Petitioner PNB further insists that as absolute owner of the properties, under Art. 428 and 429 of the New Civil Code, it has the right to possess and dispose of the same. These very provisions cited, however, show that the exercise of the rights of ownership are subject to limitations that may be imposed by law. In the instant case, the Tenancy Act and P.D. 27 have imposed limitations on petitioner PNB’s exercise of the rights of ownership. This has been discussed at length in this Court’s Decision in the case of “Tanpingco vs. IAC,”[2] where we held that:
“Under Art. 428 of the Civil Code, the owner has the right to dispose of a thing without other limitations than those established by law. As an incident of ownership, therefore, there is nothing to prevent a landowner form donating his naked title to the land. However, the new owner must respect the rights of the tenant. Sec. 7 of R.A. No. 3844, as amended (Code of Agrarian Reforms of the Philippines) gives the agricultural lessee the right to work on the landholding once the leasehold relationship is established.

x x x          x x x     x x x

“[S]ecurity of tenure is a legal concession to agricultural lessees which they value as life itself and deprivation of their landholdings is tantamount to deprivation of their only means of livelihood. Also, under Sec. 10 of the same Act, the law explicitly provides that the leasehold relation is not extinguished by the alienation or transfer of legal possession of the landholding.” (Underscoring ours)
This doctrine has been reiterated in “Endaya vs. Court of Appeals”,[3] where this Court further held that the agricultural lessee’s rights are enforceable against the transferee or the landowner’s successor-in-interest. Therefore, as the adjudged legitimate tenant on the land in question, private respondent Montano may enforce his right of possession against petitioner PNB, whose contention that private respondent Montano is illegally occupying the property lacks basis in fact and in law.

Petitioner PNB may not, by way of defense, argue that its right over the land is superior to private respondent Montano’s claim on the subject properties since the agricultural lease was not annotated on the Transfer Certificate of Title and, therefore, it dealt with the properties in good faith. Even if the fact of tenancy had not been reflected on the title, petitioner PNB admitted that before they consented to the mortgage, an ocular inspection was conducted on the landholding on the occasion of which, petitioner PNB’s Credit Investigator already found private respondent Montano staying on the land and even interviewed the latter. In answer to the questions propounded by said Investigator, private respondent Montano allegedly said that he had been allowed to stay on the property in question because he was ejected from the adjacent parcel of land which he used to till. The land being an agricultural one, and considering the ocular inspection conducted sometime in 1978 when P.D. 27 had been in effect for some time, petitioner PNB’s suspicion that the land was tenanted should have been aroused by the existence of a farmer on the land other than the mortgagors themselves. It cannot be denied, therefore, that petitioner PNB had been put on notice by its actual knowledge of another person possessing the land, no matter what the given reason may have been for private respondent Montano’s occupancy of the properties in question.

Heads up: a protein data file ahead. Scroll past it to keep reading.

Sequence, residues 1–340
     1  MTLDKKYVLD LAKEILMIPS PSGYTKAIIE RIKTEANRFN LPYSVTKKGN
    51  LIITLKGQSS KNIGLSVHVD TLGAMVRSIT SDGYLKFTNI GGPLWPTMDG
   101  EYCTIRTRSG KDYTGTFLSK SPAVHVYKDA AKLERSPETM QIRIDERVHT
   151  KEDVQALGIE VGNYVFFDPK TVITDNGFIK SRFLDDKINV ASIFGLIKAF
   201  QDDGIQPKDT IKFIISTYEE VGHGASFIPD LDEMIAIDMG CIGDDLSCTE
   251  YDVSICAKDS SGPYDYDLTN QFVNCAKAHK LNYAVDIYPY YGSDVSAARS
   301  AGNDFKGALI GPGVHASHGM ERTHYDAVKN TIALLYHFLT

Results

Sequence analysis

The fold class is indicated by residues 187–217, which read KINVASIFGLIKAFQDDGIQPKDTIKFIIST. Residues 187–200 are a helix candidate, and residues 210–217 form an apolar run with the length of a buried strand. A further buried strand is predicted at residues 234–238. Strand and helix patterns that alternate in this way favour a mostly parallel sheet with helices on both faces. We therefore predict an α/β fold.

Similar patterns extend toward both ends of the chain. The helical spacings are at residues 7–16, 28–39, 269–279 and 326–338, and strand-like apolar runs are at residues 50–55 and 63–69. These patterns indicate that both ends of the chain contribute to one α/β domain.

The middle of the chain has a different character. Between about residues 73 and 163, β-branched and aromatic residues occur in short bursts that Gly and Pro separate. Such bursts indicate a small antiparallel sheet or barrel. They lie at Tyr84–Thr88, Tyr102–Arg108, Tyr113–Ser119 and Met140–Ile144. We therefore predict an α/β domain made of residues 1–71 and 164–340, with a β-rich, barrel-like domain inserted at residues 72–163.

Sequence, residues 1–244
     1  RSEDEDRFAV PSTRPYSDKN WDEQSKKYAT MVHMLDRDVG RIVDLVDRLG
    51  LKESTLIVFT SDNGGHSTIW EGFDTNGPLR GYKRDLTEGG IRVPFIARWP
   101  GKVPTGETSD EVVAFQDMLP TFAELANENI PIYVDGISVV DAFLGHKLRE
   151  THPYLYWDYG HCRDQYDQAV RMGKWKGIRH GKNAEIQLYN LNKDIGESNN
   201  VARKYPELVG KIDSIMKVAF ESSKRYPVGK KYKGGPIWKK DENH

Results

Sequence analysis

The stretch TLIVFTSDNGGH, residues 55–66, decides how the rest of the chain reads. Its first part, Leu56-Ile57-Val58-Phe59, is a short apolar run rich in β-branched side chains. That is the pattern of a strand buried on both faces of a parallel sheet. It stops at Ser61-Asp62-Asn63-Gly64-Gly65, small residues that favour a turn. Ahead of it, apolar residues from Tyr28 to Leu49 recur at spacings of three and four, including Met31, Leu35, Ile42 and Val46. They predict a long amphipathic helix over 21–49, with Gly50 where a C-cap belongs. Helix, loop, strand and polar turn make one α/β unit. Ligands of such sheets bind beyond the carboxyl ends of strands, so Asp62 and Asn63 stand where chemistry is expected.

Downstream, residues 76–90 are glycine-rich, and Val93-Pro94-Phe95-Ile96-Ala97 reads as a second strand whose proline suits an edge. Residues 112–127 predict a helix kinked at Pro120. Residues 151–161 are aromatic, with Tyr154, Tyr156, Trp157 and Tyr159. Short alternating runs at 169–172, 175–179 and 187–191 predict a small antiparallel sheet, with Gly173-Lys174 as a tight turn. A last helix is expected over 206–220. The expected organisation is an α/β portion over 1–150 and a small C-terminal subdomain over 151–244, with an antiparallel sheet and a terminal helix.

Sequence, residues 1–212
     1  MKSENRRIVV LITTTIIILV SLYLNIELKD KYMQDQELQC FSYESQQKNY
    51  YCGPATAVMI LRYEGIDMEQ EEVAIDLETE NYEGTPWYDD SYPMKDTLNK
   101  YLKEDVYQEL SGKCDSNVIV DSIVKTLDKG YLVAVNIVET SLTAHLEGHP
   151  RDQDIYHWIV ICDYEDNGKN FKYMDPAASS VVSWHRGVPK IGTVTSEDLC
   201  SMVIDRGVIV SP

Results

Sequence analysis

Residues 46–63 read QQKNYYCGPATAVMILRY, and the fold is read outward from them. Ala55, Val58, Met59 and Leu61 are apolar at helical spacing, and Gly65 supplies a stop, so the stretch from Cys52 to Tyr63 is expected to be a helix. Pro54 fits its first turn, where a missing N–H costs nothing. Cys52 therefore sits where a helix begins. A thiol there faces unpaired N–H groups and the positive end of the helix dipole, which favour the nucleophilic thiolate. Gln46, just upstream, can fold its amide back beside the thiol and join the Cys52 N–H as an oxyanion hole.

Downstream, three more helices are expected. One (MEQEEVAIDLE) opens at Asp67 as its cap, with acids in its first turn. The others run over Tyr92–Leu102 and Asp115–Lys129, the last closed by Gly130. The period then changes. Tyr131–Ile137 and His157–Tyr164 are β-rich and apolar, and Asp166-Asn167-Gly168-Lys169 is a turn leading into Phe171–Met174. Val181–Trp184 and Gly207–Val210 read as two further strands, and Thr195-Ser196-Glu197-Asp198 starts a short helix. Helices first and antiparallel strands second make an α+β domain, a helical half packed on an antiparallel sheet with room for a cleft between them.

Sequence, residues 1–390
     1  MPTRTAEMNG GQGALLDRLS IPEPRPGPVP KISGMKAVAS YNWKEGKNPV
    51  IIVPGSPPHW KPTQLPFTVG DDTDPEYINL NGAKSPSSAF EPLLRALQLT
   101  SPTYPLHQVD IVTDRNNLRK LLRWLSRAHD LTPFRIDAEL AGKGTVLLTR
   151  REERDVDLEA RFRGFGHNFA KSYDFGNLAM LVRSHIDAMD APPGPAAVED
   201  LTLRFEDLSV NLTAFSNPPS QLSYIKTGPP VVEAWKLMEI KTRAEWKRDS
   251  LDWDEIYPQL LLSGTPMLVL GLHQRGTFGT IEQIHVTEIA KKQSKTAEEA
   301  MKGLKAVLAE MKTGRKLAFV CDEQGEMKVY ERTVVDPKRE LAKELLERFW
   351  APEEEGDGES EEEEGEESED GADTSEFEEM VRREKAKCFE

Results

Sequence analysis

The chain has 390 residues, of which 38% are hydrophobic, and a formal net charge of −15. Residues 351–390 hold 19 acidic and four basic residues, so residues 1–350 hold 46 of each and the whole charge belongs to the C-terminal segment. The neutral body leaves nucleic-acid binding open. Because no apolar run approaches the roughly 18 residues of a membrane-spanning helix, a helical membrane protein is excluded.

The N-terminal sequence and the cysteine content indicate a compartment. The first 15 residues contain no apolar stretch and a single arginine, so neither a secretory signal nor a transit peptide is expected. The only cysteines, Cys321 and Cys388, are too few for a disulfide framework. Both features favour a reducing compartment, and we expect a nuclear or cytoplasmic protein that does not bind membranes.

Furthermore, as purchaser at a public auction, petitioner PNB was only substituted to and acquired the right, title, interest and claim of the judgment debtor or mortgagor to the property as of the time of the levy.[4] In this case, the only remaining right of the mortgagors (spouses Crisanto de la Cruz and Pepita Montano) at the time of levy is the right to be paid a reasonable price for the land they owned as mandated by P.D. 27. That is the only right which petitioner PNB acquired as the new absolute owner of the land.

From the foregoing, it is evident that petitioner PNB is not entitled to a Writ of Possession, as possession of the land in question has been granted by law to private respondent Montano as tenant of subject landholding.

WHEREFORE, premises considered, judgment is hereby rendered DENYING the petition. Costs against petitioner.
SO ORDERED.

Narvasa, C.J., (Chairman), Melo, and Panganiban, JJ., concur.
Davide, Jr., J., did not take part in the deliberation; was on sick leave.


[1] Gatchalian vs. Arlegui, L-41360, February 17, 1997.

[2] G.R. No. 76225, 207 SCRA 652 (1992).

[3] G.R. No. 88113, 215 SCRA 109 (1992).

[4] Sec. 35, Rule 39 of the Rules of Court.